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New article: Origin, Migration Routes and Worldwide Population Genetic Structure of the Wheat Yellow Rust Pathogen Puccinia striiformis f.sp. tritici

This collaborative work between Denmark, France and Pakistan describe the worldwide population structure of wheat yellow rust and identifies the centre of diversity of the pathogen in Himalayan and near Himalayan regions.

2014.08.20 | Jens Grønbech Hansen

Origin, Migration Routes and Worldwide Population Genetic Structure of the Wheat Yellow Rust Pathogen Puccinia striiformis f.sp. tritici / Sajid Ali, Pierre Gladieux, Marc Leconte, Angelique Gautier,  Annemarie F. Justesen, Mogens  S. Hovmøller, Jerome Enjalbert, Claude de Vallavieille-Pope

In: PLoS Pathog 2014, 10(1): e1003903.

doi: 10.1371/journal.ppat.1003903

Abstract

Analyses  of  large-scale  population structure of  pathogens enable the identification of  migration patterns, diversity reservoirs or longevity of populations, the understanding of current evolutionary trajectories and the anticipation of future ones. This is particularly  important for long-distance migrating fungal pathogens  such as Puccinia striiformis f.sp. tritici (PST), capable of rapid spread to new regions and crop varieties. Although a range of recent PST invasions at continental scales are well documented, the worldwide population structure and the center of origin of the pathogen were still unknown. In this study, we used multilocus microsatellite genotyping to infer worldwide population structure of PST and the origin of new invasions based on 409 isolates representative of distribution of the fungus on six continents.  Bayesian and multivariate clustering methods partitioned the set of multilocus genotypes into six distinct genetic groups associated with their geographical origin. Analyses of linkage disequilibrium and genotypic diversity indicated a strong regional heterogeneity in levels of recombination, with clear signatures of recombination in the Himalayan (Nepal and Pakistan) and near-Himalayan regions (China) and a predominant clonal population  structure in  other  regions. The higher genotypic diversity, recombinant population structure and high sexual reproduction  ability in the Himalayan and neighboring regions suggests this area as the putative center of origin of PST. We used clustering methods and approximate  Bayesian computation (ABC) to compare different competing scenarios describing ancestral relationship among ancestral populations  and more recently founded populations. Our analyses confirmed the Middle East-East Africa as the most likely source of newly spreading, high- temperature-adapted  strains; Europe as the source of South American, North American and Australian populations; and Mediterranean-Central Asian populations as the origin of South African populations. Although most geographic populations are not markedly affected by recent dispersal events, this study emphasizes the influence of human activities on recent long-distance spread of the pathogen.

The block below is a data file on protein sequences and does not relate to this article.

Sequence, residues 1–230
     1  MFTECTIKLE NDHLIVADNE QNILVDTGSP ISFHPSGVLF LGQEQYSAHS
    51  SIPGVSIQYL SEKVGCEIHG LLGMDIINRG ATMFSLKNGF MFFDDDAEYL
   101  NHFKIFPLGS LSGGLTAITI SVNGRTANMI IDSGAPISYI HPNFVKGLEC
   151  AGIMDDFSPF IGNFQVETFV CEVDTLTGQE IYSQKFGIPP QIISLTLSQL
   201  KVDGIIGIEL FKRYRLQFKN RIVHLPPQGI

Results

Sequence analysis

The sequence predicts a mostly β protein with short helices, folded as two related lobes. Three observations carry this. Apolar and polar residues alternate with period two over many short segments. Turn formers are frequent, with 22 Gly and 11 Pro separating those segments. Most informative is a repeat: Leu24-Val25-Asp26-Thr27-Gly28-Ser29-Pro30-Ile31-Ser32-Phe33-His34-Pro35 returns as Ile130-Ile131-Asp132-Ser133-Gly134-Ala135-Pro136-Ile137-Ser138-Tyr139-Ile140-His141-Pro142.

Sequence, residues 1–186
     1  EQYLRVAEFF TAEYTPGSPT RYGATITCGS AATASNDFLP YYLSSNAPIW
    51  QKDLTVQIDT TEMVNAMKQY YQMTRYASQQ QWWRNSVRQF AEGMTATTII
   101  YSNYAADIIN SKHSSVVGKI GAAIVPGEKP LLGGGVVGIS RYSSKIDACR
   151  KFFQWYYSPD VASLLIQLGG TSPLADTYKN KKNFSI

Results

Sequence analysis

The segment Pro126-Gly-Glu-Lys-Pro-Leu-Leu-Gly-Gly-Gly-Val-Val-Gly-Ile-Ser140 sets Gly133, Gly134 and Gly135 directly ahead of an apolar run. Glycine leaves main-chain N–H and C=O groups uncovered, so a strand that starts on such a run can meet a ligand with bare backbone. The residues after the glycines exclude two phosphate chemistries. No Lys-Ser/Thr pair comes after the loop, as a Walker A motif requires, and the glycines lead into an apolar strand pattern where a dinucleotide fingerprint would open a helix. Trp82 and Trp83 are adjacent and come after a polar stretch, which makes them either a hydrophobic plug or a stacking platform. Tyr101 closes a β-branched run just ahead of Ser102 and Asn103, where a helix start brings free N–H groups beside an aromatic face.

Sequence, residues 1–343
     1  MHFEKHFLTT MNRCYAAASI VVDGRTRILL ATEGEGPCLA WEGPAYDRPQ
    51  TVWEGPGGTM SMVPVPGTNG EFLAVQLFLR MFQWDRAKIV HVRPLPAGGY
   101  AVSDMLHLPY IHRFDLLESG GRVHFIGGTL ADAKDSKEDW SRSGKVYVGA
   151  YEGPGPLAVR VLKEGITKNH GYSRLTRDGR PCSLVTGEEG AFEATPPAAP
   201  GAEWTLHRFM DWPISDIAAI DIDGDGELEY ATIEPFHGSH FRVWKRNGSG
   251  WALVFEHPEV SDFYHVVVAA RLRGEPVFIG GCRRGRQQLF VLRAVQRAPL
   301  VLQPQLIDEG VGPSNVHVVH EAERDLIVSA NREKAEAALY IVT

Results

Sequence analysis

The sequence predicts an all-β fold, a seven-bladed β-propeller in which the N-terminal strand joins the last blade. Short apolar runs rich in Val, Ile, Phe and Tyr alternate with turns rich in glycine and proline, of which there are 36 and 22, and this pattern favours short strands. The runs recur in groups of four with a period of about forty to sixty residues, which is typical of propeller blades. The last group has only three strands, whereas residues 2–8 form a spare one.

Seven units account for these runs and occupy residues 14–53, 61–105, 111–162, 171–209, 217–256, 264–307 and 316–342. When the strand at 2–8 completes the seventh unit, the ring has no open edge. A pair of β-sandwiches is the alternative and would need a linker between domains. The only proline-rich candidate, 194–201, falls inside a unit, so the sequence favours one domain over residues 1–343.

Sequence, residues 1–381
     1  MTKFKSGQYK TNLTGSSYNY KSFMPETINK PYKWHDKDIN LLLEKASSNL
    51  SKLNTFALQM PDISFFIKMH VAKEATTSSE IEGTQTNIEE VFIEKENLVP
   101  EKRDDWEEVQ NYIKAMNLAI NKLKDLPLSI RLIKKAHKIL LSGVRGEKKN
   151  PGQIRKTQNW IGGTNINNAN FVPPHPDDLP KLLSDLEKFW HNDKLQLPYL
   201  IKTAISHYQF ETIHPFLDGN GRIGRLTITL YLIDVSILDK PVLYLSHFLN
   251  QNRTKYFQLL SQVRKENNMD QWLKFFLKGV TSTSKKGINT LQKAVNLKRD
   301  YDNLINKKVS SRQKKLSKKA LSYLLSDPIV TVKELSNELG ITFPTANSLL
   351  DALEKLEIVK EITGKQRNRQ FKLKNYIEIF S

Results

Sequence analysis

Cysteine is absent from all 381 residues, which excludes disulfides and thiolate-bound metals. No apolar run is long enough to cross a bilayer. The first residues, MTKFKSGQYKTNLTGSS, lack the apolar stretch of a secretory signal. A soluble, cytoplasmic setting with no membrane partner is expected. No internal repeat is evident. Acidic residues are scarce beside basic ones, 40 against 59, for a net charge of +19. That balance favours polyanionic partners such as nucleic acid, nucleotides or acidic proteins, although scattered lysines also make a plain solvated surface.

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Revised 04.09.2017